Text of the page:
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I have a huge text file, each line seems like this:

Some sort of general menu^a_sub_menu_title^^pagNumber

Notice that the first "general menu" has white spaces, the second part (a subtitle) each word is separate with "_" character and finally a number (a pag number). I want to split each line in 3 (obvious) parts, because I want to create some sort of directory in python.

I was trying with re module, but as the caret character has a strong meaning in such module, I couldn't figure it out how to do it.

Could someone please help me????

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a simple google search for the terms "python split string" would have yielded your answer. I don't mean to be harsh, but if you don't learn how to do a google search, and you rely on stack overflow for all of your questions, it's gonna take you a really long time to become a competent programmer. good luck. – machine yearning Jun 18 '11 at 6:55
up vote 3 down vote accepted
>>> "Some sort of general menu^a_sub_menu_title^^pagNumber".split("^")
['Some sort of general menu', 'a_sub_menu_title', '', 'pagNumber']
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wonderful!!!!... it was all I need!!!! – Alejandro Jun 18 '11 at 3:47

If you only want three pieces you can accomplish this through a generator expression:

line = 'Some sort of general menu^a_sub_menu_title^^pagNumber'
pieces = [x for x in line.split('^') if x]
# pieces => ['Some sort of general menu', 'a_sub_menu_title', 'pagNumber']
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What you need to do is to "escape" the special characters, like r'\^'. But better than regular expressions in this case would be:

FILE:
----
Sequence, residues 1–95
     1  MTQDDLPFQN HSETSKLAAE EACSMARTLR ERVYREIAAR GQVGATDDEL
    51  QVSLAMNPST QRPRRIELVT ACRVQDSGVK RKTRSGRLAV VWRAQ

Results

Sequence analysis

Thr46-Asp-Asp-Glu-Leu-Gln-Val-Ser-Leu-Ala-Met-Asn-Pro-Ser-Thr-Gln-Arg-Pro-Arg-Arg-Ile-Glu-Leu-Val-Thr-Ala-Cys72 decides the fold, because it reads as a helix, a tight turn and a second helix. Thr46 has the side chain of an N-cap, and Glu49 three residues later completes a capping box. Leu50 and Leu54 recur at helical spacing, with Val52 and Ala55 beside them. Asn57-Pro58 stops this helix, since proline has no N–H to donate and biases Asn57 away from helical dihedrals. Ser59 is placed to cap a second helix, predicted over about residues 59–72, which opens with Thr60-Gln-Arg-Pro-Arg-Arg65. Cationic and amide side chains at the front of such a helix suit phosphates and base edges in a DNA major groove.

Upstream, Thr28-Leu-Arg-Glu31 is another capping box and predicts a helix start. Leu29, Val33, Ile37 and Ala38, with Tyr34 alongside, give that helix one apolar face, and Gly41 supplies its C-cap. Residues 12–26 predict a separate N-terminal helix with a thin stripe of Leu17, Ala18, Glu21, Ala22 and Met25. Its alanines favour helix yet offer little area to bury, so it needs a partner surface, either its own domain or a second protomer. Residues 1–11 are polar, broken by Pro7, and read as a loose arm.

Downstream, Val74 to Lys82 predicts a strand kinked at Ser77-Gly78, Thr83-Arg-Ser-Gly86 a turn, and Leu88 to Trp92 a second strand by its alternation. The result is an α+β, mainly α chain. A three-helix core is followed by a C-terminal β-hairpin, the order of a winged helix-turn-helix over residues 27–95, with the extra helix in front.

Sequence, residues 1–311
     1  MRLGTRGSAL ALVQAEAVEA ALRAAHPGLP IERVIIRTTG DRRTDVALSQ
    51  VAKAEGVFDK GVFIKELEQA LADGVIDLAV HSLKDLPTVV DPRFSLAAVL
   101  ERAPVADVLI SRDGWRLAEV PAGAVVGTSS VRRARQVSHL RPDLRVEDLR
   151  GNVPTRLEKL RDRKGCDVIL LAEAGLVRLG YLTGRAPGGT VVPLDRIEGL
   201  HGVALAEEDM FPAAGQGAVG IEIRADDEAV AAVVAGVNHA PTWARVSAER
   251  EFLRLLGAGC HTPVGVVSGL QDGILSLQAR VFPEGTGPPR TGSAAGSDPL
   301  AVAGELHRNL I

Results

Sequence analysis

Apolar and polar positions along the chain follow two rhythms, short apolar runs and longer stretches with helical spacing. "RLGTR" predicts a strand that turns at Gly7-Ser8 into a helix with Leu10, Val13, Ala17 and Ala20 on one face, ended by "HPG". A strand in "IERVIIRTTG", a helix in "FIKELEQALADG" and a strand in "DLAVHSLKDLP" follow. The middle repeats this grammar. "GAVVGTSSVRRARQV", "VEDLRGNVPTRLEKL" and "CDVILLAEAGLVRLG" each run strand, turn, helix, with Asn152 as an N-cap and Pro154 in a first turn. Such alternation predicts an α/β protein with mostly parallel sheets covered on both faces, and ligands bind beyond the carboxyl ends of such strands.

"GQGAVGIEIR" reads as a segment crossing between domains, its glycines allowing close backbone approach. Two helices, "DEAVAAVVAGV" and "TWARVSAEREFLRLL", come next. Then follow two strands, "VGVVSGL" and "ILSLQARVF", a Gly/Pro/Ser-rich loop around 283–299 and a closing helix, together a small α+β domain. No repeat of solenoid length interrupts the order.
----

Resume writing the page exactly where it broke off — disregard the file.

line = "Some sort of general menu^a_sub_menu_title^^pagNumber"
(menu, title, dummy, page) = line.split('^')

That gives you the components in a much more straightforward fashion.

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wonderful!!!!... it was all I need!!!! – Alejandro Jun 18 '11 at 3:45

You could just say string.split("^") to divide the string into an array containing each segment. The only caveat is that it will divide consecutive caret characters into an empty string. You could protect against this by either collapsing consecutive carats down into a single one, or detecting empty strings in the resultant array.

For more information see

Does that help?

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wonderful!!!!... it was all I need!!!! – Alejandro Jun 18 '11 at 3:46

It's also possible that your file is using a format that's compatible with the csv module, you could also look into that, especially if the format allows quoting, because then line.split would break. If the format doesn't use quoting and it's just delimiters and text, line.split is probably the best.

Also, for the re module, any special characters can be escaped with \, like r'\^'. I'd suggest before jumping to use re to 1) learn how to write regular expressions, 2) first look for a solution to your problem instead of jumping to regular expressions - «Some people, when confronted with a problem, think "I know, I'll use regular expressions." Now they have two problems. »

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